We all love medical technology. It is fascinating. It is the stuff of science fiction, but in the real world, it can also raise medical costs and real risks of producing more disease than it detects.
One of the latest, well-advertised tests is the total body scan or EBT. Yes, it can detect calcium plaque in arteries which may indicate that you need to be taking cholesterol-lowering drugs, but it also may send the doctor testing for other things and raise the bill thousands of more dollars.
Some doctors refer to the full body scans as fishing expeditions-looking to find disease for which there are no current symptoms. The scans are prone to report false-positive results. This means they report findings that indicate disease when there really isn't any.
Scans can promote a false sense of security. If it reported no problems and you are now having chest pain, would you go to your doctor or pass it off as gas since the scan had said you were well?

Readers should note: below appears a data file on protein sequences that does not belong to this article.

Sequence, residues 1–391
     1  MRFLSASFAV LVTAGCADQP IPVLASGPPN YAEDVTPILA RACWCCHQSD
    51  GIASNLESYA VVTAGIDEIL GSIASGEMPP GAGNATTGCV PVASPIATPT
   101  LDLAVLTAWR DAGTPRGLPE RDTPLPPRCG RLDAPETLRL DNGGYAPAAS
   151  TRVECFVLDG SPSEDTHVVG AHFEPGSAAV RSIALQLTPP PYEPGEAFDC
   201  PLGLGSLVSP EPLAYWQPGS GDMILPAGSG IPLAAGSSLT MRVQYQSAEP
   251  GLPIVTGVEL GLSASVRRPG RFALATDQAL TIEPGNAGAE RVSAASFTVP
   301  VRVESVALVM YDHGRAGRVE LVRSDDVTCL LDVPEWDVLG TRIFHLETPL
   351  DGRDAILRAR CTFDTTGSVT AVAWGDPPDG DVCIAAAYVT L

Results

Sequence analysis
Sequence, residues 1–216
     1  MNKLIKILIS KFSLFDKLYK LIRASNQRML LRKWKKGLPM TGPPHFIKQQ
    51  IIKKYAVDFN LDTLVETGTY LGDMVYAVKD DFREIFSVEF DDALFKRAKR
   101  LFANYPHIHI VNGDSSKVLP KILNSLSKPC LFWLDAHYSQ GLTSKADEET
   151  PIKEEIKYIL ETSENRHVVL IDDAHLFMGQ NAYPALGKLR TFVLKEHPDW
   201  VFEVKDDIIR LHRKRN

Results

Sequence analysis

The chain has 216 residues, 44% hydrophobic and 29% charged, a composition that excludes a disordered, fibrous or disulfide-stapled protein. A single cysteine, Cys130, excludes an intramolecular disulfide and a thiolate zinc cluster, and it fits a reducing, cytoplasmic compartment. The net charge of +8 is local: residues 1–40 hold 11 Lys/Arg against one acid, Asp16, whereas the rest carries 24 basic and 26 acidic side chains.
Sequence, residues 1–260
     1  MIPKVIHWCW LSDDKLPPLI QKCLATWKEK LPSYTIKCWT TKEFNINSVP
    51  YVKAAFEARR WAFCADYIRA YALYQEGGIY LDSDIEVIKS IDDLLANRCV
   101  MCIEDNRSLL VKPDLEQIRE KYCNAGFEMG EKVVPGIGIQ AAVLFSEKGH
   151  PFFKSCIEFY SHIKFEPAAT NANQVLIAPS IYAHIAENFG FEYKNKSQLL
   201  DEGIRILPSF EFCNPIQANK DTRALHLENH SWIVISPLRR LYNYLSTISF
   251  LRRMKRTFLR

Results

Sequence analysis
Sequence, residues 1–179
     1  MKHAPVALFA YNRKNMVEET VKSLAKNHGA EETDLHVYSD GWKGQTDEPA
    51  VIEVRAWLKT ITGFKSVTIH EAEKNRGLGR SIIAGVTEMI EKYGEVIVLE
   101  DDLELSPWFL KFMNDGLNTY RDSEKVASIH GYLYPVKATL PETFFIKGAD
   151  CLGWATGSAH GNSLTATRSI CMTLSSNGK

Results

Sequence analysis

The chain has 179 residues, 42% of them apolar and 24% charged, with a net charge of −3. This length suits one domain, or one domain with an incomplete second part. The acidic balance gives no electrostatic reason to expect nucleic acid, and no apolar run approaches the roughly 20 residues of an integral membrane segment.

Now, findings from the scientists at Columbia University and published in the journal Radiology report that the radiation dose from a full body CT scan is the same as that received by some of the survivors of the atomic bomb at Hiroshima and Nagasaki. It delivers 100 times more radiation than a mammogram.
The scan is useful as a diagnostic tool for people with certain symptoms. As a screening tool in healthy people, it just produces a group of worriers.
When the cost of medical care is too high for some to be able to afford health care insurance and when the government has just announced a large increase in the cost of Medicare for seniors, wasting billions of dollars on unnecessary testing is not justifiable.
But the bottom line may not just be an issue of money, it may also be one of ethics. Is it right to promote an expensive test that gives unproven results? In an article over two years ago, the journal Medical Economics asked if they should be called full body scans or scams.
This is a case about the quality of care. More is not necessarily better in medicine. We have to be careful that we are not hoodwinked by sexy technology.
Unfortunately, prevention of disease remains much more boring. It is diet and exercise and moderation. Not very glamorous but certainly less expensive. And now, it also appears less dangerous.